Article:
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Print edition : August 21, 2015

Convicts Santhan, Murugan and Perarivalan, serving life sentences in the Rajiv Gandhi assassination case. Photo: The HIndu Archives

The Supreme Court is hearing a batch of petitions challenging the constitutionality of restraints on the State government’s power to remit sentences.

On July 23, the Supreme Court’s Constitution Bench comprising the Chief Justice of India, Justice H.L. Dattu, and Justices Fakkir Mohamed Ibrahim Kalifulla, Pinaki Chandra Ghose, Abhay Manohar Sapre and Uday Umesh Lalit relaxed a significant restraint that the court had imposed on July 9 last year on State governments in terms of exercising the power of remission or commutation benefiting life convicts.

As all State governments had opposed this restraint on the grounds that it impinged on their federal powers, the court allowed State governments to grant remission to life-term convicts whose cases have not been investigated by a Central agency such as the Central Bureau of Investigation (CBI) or under Central laws. The bench clarified that State governments could not grant remission in cases where courts had specified that life sentence meant the entire life or 20 years or 25 years and in rape-cum-murder cases.

The bench, however, said, without specifying reasons, that this relaxation would not apply to the seven convicts in the Rajiv Gandhi assassination case. In 2014, the Central government filed an unusual writ petition in the Supreme Court seeking the quashing of the Tamil Nadu government’s proposal to remit the life sentences of the seven persons and release them. The seven include Murugan, Santhan and Perarivalan, whose death sentences were commuted by the Supreme Court on the grounds of undue and inexplicable delay by the government in considering their mercy petitions. The remaining four convicts are Nalini, Robert Pious, Jayakumar and Ravichandran.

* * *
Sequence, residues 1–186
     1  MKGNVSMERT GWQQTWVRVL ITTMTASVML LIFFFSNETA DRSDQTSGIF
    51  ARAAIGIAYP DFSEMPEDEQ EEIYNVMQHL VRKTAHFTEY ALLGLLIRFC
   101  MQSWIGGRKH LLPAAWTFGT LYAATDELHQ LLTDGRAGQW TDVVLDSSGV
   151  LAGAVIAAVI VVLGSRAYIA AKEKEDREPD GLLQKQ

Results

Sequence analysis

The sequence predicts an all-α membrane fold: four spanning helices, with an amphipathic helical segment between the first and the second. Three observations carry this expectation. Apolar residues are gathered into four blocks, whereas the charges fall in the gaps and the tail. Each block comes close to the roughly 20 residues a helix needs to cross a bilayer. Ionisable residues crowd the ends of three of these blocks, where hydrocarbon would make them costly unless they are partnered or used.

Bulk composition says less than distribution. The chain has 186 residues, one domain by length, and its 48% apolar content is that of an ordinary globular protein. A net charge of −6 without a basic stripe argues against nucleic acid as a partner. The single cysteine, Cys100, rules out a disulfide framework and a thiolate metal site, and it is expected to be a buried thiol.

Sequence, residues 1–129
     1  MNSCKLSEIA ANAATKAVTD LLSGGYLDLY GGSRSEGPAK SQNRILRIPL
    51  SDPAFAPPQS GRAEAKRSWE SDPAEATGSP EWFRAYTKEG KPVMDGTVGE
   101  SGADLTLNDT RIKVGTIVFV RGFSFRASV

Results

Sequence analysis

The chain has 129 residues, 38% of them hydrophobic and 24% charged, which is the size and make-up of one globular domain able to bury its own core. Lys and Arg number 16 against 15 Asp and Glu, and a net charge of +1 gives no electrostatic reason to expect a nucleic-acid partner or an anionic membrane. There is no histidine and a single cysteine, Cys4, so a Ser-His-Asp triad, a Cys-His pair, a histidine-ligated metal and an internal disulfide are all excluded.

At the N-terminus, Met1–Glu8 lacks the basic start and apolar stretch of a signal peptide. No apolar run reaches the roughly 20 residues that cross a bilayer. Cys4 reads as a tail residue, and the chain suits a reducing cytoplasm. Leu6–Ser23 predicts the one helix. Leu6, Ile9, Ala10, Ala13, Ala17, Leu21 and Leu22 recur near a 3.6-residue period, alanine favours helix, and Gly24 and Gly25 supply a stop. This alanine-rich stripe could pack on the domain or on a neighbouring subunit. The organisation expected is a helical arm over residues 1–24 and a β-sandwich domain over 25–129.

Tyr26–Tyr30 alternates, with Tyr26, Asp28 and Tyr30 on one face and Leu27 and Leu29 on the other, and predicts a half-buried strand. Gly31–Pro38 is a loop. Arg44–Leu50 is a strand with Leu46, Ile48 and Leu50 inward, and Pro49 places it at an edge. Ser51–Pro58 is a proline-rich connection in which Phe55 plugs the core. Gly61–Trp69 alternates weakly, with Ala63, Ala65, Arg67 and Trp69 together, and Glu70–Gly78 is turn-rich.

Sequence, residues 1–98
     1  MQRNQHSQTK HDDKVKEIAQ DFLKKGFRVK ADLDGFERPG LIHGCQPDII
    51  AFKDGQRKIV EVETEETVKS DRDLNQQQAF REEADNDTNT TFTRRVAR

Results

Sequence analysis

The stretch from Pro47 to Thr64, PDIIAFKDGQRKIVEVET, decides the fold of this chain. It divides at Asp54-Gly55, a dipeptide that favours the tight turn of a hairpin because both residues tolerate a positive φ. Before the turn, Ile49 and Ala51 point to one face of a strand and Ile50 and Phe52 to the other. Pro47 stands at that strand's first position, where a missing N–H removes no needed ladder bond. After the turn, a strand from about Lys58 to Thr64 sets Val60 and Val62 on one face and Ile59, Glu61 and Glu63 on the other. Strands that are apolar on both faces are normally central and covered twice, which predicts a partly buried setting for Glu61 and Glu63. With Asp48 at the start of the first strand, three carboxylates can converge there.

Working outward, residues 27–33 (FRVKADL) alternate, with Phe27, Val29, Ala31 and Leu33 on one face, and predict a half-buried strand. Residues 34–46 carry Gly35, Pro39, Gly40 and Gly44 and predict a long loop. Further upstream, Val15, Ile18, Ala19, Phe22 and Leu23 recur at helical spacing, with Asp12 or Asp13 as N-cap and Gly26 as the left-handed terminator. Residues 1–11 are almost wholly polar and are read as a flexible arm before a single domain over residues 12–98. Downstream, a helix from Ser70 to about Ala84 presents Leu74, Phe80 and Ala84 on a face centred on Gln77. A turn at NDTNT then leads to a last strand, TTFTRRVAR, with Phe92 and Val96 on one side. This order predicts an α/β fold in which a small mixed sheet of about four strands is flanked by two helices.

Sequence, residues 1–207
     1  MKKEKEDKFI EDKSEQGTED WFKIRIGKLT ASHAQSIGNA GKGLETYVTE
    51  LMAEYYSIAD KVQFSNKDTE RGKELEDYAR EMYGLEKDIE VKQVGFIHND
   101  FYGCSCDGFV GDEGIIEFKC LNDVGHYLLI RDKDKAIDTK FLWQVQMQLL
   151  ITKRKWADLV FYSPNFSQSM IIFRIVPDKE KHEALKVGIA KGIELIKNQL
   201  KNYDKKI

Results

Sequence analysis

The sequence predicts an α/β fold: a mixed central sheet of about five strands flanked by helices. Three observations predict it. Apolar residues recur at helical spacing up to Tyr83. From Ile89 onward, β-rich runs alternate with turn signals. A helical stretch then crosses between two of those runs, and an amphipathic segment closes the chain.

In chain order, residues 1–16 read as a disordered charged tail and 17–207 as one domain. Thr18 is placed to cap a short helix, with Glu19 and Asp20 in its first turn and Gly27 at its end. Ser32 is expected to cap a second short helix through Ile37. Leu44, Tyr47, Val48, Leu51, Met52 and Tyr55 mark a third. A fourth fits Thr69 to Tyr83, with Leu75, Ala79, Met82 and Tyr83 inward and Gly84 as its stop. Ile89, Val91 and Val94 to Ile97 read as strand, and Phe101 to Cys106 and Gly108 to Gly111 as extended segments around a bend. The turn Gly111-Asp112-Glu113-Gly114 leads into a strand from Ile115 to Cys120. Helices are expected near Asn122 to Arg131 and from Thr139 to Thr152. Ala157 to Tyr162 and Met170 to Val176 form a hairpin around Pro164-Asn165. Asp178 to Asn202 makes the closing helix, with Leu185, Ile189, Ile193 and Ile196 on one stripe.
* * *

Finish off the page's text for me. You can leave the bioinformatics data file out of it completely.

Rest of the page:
The Tamil Nadu government sought the Centre’s views on its proposal dated February 19, 2014, and within three days of receiving it the Central government approached the Supreme Court. The State government, while exercising the power of remission under Section 432 of the Code of Criminal Procedure (CrPC), is bound to consult the Centre if the case was investigated by the CBI. The Tamil Nadu government’s proposal would not have caused unease but for the fact that the Supreme Court had commuted the death sentences of three convicts in the case a day earlier, that is, February 18, 2014.

The Supreme Court’s three-judge bench referred the Centre’s petition to a five-judge bench after granting an interim stay on the Tamil Nadu government’s proposal. The Constitution Bench led by Chief Justice of India H.L. Dattu is currently hearing the matter. The bench is likely to throw light on important questions of constitutional importance. One is whether imprisonment for life means imprisonment for the rest of the life of the prisoner and another is whether a convict undergoing life imprisonment has a right to claim remission.